I'm an undergraduate (2nd year) computer engineering student studying full time. I've been working part time as a programmer for 8 months now, and although I love the company and boss, I'm not learning much anymore here and feel ready to move on. Over my coming uni break (December-February), I want to intern overseas (Germany) so I can see my long distance boyfriend and family and still earn some money on the side. However, since I'll obviously have to quit my current job before I go on a three month vacation, I'd like to have some free time to get into freelancing or learn new software skills so I have an easier time getting a paycheck once I'm back home - hence wanting to work part-time. I'm an independent student paying rent, so not working is never an option.

My question is: how many employers are willing to hire a software contractor/intern on a part time basis? When talking to potential employers, at what point during the discussion should I ask if they'll take me part time? Is this so unreasonable that I'd be better off just trying to break into freelancing now?

| improve this question | | | | |
  • What country are you in at the moment? That may affect whether you need a work visa, and the types of visa that you qualify for. – PeteCon Aug 8 '16 at 4:49
  • I calculate you have a 50% chance 20% of the time and a 100% chance 10% of the time. Seriously, how can anyone authoritatively answer this question? – FiringSquadWitness Aug 8 '16 at 4:53
  • @Pete I live in Australia. I've read it takes a couple of months to process a work visa for Germany so I'm trying to sort this out ahead of time. – Katerina B. Aug 8 '16 at 4:59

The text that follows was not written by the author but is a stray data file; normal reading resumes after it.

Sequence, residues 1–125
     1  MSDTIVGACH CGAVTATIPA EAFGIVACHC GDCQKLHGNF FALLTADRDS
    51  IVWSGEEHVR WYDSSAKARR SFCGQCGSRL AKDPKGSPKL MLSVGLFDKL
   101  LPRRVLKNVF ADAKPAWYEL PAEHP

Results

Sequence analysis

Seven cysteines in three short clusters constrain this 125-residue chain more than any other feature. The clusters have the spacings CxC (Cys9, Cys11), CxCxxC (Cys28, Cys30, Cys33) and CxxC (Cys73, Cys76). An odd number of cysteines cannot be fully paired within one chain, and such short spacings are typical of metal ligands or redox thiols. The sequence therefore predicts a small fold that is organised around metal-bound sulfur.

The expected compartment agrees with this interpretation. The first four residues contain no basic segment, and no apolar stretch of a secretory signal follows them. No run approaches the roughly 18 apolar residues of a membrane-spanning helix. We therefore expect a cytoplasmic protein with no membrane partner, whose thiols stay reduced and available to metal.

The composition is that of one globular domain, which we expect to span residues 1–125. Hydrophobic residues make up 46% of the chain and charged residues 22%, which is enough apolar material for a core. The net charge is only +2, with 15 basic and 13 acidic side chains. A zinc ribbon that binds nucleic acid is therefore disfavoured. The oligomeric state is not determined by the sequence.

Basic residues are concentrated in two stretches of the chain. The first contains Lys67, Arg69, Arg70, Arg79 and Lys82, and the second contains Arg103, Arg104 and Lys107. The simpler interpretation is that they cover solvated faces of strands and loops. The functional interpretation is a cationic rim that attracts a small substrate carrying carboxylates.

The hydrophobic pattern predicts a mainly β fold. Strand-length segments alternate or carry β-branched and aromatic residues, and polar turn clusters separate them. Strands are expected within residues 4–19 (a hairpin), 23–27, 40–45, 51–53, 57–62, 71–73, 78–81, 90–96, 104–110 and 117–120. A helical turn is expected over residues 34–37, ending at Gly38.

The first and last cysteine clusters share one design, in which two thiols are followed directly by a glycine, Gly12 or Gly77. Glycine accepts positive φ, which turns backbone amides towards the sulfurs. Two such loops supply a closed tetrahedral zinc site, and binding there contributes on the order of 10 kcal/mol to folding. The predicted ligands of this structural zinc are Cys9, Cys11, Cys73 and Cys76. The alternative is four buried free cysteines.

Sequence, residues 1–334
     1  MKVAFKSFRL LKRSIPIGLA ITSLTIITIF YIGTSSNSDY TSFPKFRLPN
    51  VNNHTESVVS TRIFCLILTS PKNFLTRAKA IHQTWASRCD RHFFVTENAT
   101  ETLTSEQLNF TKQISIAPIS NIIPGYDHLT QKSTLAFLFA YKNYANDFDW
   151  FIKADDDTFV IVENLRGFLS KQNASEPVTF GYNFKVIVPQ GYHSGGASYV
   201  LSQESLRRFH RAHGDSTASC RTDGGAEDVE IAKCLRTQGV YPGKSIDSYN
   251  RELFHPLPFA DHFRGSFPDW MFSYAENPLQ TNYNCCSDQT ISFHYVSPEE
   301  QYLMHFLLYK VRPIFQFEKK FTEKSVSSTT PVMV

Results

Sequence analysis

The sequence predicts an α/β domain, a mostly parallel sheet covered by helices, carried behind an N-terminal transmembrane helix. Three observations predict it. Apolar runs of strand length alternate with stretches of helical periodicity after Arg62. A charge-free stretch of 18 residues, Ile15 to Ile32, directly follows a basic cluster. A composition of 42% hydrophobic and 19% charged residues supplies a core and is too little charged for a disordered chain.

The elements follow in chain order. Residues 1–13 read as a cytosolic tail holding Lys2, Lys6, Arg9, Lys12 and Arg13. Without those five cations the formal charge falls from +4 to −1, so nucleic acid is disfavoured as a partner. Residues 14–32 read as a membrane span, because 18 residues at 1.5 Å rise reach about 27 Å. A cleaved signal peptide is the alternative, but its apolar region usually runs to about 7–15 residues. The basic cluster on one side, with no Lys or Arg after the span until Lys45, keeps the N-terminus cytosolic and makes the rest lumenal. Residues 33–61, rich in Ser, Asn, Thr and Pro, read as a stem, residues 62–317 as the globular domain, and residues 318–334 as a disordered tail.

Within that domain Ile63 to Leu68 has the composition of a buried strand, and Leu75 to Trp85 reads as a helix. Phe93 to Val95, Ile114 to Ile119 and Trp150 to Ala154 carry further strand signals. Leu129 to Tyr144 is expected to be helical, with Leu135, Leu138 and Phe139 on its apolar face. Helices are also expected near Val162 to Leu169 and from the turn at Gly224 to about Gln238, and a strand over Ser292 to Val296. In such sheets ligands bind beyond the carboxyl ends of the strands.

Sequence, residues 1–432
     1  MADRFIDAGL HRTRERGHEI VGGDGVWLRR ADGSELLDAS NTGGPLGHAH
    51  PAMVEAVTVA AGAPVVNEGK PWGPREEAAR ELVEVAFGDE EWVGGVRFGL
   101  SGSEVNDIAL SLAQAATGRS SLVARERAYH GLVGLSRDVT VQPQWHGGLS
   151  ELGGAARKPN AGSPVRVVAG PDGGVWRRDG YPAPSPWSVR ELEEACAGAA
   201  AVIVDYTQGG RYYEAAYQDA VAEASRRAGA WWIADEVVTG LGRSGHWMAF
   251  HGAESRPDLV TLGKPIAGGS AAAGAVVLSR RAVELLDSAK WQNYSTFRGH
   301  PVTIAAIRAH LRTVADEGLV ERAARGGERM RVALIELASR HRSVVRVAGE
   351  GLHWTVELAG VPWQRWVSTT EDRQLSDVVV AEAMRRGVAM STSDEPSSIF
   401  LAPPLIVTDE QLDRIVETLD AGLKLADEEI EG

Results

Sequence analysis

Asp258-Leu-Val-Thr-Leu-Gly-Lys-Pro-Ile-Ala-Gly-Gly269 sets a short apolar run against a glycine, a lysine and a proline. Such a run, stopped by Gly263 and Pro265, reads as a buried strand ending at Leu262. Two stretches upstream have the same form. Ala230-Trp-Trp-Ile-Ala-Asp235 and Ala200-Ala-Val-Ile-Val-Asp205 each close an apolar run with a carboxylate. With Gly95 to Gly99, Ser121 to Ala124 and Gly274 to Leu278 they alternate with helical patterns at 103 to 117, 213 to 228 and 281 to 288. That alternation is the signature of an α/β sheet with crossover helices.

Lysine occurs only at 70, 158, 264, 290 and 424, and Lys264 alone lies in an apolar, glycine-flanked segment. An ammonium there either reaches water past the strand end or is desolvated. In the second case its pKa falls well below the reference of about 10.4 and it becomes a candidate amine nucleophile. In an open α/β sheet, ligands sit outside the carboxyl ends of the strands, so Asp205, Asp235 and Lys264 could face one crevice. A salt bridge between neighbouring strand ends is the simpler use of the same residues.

• VTC. You seem to be asking for personal advice on your career here. The broader topics you raise at the end are too nebulous or broad to answer properly. Frankly, you're lucky to have a part-time internship that lets you afford housing and you're accepting as fact that you need to resign over the break before even asking your current employer. I also seriously doubt that you have nothing left to learn at your current job and you'd almost certainly burn a bridge there if you left. Finally, if "not working is not an option" then that vacation may also not be an option. – Lilienthal Aug 8 '16 at 7:59
  • Note that my last comment was in reference to finding a different internship back home after the vacation before I even realised you want to get an internship in another country for 3 months over the new year, and to start in less than 3 months while you consider it a holiday. The fact that I'm running out of formatting to use for emphasis should tell you something of how utterly naive that goal is. The fact that you think 3 months is "ahead of time" for something like this is just baffling. – Lilienthal Aug 8 '16 at 8:04

Anything is possible but this strikes me as unlikely.